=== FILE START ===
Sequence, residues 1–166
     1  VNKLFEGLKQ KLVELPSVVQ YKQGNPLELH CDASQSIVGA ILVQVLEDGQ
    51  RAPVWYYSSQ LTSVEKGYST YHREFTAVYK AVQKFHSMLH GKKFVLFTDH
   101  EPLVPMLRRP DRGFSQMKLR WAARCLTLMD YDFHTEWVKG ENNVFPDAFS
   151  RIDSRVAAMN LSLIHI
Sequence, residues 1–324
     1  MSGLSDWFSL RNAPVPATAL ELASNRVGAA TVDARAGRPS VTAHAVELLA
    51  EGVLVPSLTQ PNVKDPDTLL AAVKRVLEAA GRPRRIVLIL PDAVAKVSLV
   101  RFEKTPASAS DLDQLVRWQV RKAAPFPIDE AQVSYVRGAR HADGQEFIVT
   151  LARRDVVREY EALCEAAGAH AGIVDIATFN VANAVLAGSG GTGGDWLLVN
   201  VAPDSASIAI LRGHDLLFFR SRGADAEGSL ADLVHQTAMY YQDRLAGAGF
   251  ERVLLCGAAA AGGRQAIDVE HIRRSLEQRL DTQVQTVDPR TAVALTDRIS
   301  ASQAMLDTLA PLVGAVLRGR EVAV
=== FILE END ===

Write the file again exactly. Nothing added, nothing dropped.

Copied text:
Sequence, residues 1–166
     1  VNKLFEGLKQ KLVELPSVVQ YKQGNPLELH CDASQSIVGA ILVQVLEDGQ
    51  RAPVWYYSSQ LTSVEKGYST YHREFTAVYK AVQKFHSMLH GKKFVLFTDH
   101  EPLVPMLRRP DRGFSQMKLR WAARCLTLMD YDFHTEWVKG ENNVFPDAFS
   151  RIDSRVAAMN LSLIHI
Sequence, residues 1–324
     1  MSGLSDWFSL RNAPVPATAL ELASNRVGAA TVDARAGRPS VTAHAVELLA
    51  EGVLVPSLTQ PNVKDPDTLL AAVKRVLEAA GRPRRIVLIL PDAVAKVSLV
   101  RFEKTPASAS DLDQLVRWQV RKAAPFPIDE AQVSYVRGAR HADGQEFIVT
   151  LARRDVVREY EALCEAAGAH AGIVDIATFN VANAVLAGSG GTGGDWLLVN
   201  VAPDSASIAI LRGHDLLFFR SRGADAEGSL ADLVHQTAMY YQDRLAGAGF
   251  ERVLLCGAAA AGGRQAIDVE HIRRSLEQRL DTQVQTVDPR TAVALTDRIS
   301  ASQAMLDTLA PLVGAVLRGR EVAV